NHS changes

In July 2010, the Secretary of State for Health announced big changes to the way that services are commissioned for people in England. The key changes are:
  • Strategic Health Authorities and Primary Care Trusts will be abolished in 2013
  • GPs will come together to form Clinical Commissioning Groups (CCGs) that take on responsibility planning, designing and paying for health services in 2013
  • Responsibility for improving the public health to transfer to local councils
  • More emphasis placed on achieving better health and treatment (outcomes), rather than meeting targets
  • Greater freedom for providers of healthcare such as hospitals to improve and innovate
Further conversations with patients, service users and professionals led to some changes to the proposed reforms. These include widening of the membership of the boards of clinical commissioning groups to include nurses and hospital doctors, and ensuring they meet in public to assure for accessibility and transparency.

The changes became law on 27 March 2012.

Across England, GPs have been coming together to form CCGs that cover their local area. In summer 2011, the Department of Health announced a framework for authorisation. This will ensure only those CCGs that are ready and capable are put into the driving seat for commissioning care. Once authorised, CCGs will become statutory bodies, responsible for the health of local people.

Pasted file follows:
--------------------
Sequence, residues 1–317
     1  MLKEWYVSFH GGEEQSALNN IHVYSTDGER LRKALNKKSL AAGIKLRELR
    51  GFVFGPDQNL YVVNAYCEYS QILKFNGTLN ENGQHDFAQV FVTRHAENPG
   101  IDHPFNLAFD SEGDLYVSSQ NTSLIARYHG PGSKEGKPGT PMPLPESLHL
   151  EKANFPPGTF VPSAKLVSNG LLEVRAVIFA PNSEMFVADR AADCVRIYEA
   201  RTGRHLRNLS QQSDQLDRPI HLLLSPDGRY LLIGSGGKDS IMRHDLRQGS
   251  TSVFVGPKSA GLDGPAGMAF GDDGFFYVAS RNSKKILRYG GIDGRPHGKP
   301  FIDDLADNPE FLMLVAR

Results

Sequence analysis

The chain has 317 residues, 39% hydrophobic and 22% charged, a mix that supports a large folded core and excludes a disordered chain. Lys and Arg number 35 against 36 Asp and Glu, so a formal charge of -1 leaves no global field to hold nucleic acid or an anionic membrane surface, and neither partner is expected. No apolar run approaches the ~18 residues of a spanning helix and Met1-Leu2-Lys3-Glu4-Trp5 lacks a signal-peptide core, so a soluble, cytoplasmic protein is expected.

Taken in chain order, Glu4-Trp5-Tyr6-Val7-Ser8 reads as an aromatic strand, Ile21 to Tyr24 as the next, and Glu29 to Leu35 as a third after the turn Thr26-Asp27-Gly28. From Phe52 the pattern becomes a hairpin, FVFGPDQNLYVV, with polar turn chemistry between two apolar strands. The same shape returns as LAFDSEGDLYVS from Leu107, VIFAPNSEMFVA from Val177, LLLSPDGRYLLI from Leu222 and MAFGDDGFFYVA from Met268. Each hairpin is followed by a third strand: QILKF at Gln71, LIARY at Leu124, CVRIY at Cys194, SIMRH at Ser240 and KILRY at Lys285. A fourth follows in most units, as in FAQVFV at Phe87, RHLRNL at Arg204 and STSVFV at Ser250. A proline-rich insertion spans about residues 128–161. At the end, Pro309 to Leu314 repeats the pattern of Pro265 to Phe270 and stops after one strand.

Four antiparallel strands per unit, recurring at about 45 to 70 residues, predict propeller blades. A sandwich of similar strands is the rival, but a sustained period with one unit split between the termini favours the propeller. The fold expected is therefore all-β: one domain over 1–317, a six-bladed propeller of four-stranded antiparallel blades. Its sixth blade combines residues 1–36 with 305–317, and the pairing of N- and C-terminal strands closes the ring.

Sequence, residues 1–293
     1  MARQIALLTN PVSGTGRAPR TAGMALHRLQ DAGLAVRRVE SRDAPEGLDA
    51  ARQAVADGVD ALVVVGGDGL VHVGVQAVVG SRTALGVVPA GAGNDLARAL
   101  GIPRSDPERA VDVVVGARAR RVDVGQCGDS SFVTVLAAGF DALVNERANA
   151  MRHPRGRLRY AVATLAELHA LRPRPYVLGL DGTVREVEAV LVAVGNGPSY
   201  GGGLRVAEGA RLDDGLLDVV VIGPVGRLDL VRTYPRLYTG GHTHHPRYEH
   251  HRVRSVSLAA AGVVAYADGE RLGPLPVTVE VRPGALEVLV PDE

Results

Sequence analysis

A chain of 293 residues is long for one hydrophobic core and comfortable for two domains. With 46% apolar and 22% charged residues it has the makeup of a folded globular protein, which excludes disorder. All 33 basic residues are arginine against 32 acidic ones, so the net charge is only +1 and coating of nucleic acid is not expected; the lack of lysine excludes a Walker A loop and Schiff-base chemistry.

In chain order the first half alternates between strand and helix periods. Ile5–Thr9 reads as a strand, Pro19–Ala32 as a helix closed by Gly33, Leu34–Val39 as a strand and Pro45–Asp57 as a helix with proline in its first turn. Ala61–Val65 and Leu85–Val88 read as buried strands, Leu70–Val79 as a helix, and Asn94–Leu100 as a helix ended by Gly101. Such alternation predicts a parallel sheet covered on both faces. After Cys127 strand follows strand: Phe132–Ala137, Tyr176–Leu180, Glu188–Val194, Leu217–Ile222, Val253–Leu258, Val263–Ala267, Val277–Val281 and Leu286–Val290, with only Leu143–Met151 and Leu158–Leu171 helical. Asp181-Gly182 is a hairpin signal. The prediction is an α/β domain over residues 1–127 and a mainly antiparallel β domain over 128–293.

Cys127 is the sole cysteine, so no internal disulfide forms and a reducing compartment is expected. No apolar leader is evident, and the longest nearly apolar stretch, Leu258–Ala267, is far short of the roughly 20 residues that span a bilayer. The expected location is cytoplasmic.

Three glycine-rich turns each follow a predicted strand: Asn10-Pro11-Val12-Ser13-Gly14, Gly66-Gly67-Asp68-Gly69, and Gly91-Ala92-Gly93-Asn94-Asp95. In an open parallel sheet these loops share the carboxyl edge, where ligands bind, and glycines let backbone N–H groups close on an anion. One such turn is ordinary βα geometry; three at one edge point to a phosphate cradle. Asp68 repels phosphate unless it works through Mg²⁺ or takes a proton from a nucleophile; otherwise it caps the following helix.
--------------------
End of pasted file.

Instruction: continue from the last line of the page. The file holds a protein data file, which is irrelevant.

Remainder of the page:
PCT clusters

The NHS faces an unprecedented challenge. Advances in science and medicine have pushed up both the effectiveness and price of treatment. People are living longer, but with long-term health conditions. This has placed an unsustainable burden on the NHS, which needs to save between £15bn and £20bn over the next four years.

PCTs across England have clustered together to tackle the challenge. They are doing this by bringing services closer to home, improving quality and reducing costs.

In Birmingham and Solihull, four PCTs NHS Birmingham East and North, Heart of Birmingham tPCT, NHS South Birmingham and Solihull PCT have clustered to form NHS Birmingham and Solihull. Covering the second largest metropolitan area in the country, the cluster has set out an ambitious plan (called the Integrated Plan) to tackle the challenges faced by the local NHS.

Another key role of the cluster is to support the development CCGs in Birmingham and Solihull so they become authorised and able to take on PCTs responsibilities. Solihull CCG is working with the cluster, making use of its experienced, expert staff to learn the lessons of the past, while looking towards the future of clinical commissioning.